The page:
# 3.9: Using Logical Operators


Most students have only seen logical operators used as branch conditions in if, while, and for statements, and so they cannot see why these operators are useful. This section will show some uses of these operators.

## 3.9.1 Storing immediate values in registers

In MARS, the li instruction is translated into an "addui Rd, $zero, Immediate" instruction. This is perfectly valid, however when doing addition there always has to be propagation of a carry-bit, and so addition can take a relatively long time (O(logn)..O(n)). However the OR operation is a bit-wise operation and does not have any carry bits, and can be executed in O(1) time. In MARS the OR is not faster than addition, but in some architectures the OR is in fact faster than addition. If the OR is faster than addition, the li instruction can be implemented as "ori Rd,$zero, Immediate" with some advantage. Be aware that an ori is not the same as an addui. This difference is shown in problem 14 at the end of the chapter.

## 3.9.2 Converting a character from upper case to lower case

Chapter 1 pointed out that in ASCII the difference between upper case and lower case letters is the 0x20 bit. So an upper case letter can be converted to lower case by setting this bit to 1, and an upper case letter can be set to a lower case letter by turning this bit off. One of the exercises in Chapter 1 asked for an implementation of this program in a HLL. Many novice programmers see this problem and realize that convert uppercase letters to lowercase, they can add 0x20. The problem is that if the letter is already uppercase, the result is no longer a letter.

To correctly handle converting from uppercase to lowercase, the letters should be OR'ed with 0x20 (converting from lowercase to uppercase is left as an exercise at the end of the chapter). If this is done, letters which are already lowercase are not changed. This is illustrated in the following program.

Program 3-5: Letter case conversion in assembly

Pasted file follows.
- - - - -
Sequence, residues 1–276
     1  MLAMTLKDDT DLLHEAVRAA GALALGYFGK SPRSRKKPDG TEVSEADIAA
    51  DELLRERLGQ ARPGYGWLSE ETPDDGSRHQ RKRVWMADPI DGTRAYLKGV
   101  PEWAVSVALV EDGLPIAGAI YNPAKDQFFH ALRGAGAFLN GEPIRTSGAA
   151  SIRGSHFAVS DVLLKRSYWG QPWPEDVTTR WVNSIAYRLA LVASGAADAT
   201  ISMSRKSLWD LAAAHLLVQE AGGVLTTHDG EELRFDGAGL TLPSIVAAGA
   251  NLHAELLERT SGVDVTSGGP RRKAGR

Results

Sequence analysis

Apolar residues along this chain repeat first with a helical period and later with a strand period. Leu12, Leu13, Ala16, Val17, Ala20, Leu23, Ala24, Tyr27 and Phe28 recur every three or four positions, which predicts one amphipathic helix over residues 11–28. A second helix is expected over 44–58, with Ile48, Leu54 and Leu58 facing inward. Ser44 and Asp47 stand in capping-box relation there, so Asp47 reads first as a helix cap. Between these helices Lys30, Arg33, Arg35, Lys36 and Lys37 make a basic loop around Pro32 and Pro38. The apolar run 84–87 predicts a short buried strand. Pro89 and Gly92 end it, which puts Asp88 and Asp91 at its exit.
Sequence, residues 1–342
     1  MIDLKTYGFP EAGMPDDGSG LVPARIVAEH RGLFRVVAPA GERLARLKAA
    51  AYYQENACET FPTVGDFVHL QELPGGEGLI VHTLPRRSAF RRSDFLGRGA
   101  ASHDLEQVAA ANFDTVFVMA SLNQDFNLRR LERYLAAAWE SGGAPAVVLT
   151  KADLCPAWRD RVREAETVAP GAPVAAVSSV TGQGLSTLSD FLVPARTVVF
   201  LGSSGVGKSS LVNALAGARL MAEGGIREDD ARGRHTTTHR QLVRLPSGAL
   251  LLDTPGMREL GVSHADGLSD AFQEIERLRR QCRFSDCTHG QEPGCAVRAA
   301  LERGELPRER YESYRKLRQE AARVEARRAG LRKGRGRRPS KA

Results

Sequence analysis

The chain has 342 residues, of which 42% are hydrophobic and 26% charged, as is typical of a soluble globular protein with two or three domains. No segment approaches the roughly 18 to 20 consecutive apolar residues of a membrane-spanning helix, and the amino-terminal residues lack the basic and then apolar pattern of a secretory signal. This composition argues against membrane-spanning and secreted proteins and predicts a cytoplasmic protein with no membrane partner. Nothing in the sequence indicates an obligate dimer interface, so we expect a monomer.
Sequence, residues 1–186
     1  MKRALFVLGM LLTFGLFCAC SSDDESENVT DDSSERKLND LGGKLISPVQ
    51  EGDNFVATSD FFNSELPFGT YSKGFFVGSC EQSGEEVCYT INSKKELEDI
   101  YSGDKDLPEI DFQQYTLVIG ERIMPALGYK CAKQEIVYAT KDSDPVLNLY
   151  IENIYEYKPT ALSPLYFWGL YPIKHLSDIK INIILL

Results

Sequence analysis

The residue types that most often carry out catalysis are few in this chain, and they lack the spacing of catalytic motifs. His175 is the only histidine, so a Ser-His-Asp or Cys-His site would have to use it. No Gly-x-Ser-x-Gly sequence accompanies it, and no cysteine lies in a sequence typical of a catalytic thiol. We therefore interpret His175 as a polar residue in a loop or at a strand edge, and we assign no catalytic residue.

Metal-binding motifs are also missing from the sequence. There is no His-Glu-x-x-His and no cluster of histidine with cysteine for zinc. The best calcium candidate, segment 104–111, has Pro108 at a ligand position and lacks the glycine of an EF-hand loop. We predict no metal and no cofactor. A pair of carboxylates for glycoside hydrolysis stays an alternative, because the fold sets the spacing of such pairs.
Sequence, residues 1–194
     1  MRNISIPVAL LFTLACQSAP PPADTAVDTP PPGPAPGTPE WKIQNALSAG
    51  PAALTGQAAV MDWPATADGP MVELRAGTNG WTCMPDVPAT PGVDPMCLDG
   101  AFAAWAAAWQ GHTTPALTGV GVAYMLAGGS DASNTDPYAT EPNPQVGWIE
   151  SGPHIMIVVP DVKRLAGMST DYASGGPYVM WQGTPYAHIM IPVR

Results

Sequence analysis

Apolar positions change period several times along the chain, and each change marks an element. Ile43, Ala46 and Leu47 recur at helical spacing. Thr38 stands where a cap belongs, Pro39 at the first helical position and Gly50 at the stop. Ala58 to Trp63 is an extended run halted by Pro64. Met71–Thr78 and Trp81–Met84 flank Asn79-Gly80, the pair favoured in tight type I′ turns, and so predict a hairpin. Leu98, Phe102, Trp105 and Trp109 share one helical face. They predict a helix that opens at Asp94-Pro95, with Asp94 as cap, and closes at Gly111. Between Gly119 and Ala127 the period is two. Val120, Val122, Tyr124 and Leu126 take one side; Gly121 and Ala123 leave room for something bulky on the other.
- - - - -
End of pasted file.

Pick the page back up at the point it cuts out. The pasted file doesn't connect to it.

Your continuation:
# File:       Program3-5.asm
# Author:     Charles Kann
# Purpose:    This program shows that adding 0x20 to a character can result in an error
#             when converting case, but or'ing 0x20 always works.
.text
.globl main
main:
# Show adding 0x20 only works if the character is upper case.
ori $v0,$zero, 4
la $a0, output1 syscall ori$t0, $zero, 0x41# Load the character "Z" addi$a0, $t0, 0x20 # Convert to "z" by adding ori$v0, $zero, 11 # Print the character syscall ori$v0, $zero, 4 la$a0, output2
syscall
ori $t0,$zero,0x61 # Load the character "z"
addi $a0,$t0, 0x20 # Attempt to convert to lower case
ori $v0,$zero, 11 # Print the character, does not work
syscall

# Show or'ing 0x20 works if the character is upper or lower case.
ori $v0,$zero, 4
la $a0, output1 syscall ori$t0, $zero, 0x41# Load the character "Z" ori$a0, $t0, 0x20 # Convert to "z" by adding ori$v0, $zero, 11 # Print the character syscall ori$v0, $zero, 4 la$a0, output1
syscall
ori $t0,$zero,0x61 # Load the character "z"
ori $a0,$t0, 0x20 # Attempt to convert to lower case
ori $v0,$zero, 11 # Print the character, does not work
syscall

ori $v0,$zero, 10  # Exit program
syscall
.data
output1: .asciiz "\nValid conversion: "
output2: .asciiz "\nInvalid conversion, nothing is printed: "

## 3.9.3 Reversible operations with XOR

Often it is nice to be able to invert the bits in a value in a way that they are easily translated back to the original value. Inverting the bits and restoring them is shown in the program below. One use of this is to swap two values without using a temporary storage space, is given at the end of the chapter.

# File:        Program3-6.asm
# Author:      Charles Kann
#Purpose:      To show the XOR operation is reversible
.text
.globl main
main:
ori $s0,$zero, 0x01234567 # the hex numbers

# Write out the XOR'ed value
la $a0, output1 li$v0, 4
syscall
xori $s0,$s0, 0xffffffff  # the results in $t1 will be fedcba98 move$a0, $s0 li$v0, 34
syscall

# Show the original value has been restored.
la $a0, output2 li$v0, 4
syscall
xori $s0,$s0, 0xffffffff  # the results in $t1 will be fedcba98 move$a0, $s0 li$v0, 34
syscall

ori $v0,$zero, 10         # Exit program
syscall
.data
output1: .asciiz "\nAfter first xor: "
output2: .asciiz "\nAfter second xor: "

This page titled 3.9: Using Logical Operators is shared under a CC BY 4.0 license and was authored, remixed, and/or curated by Charles W. Kann III.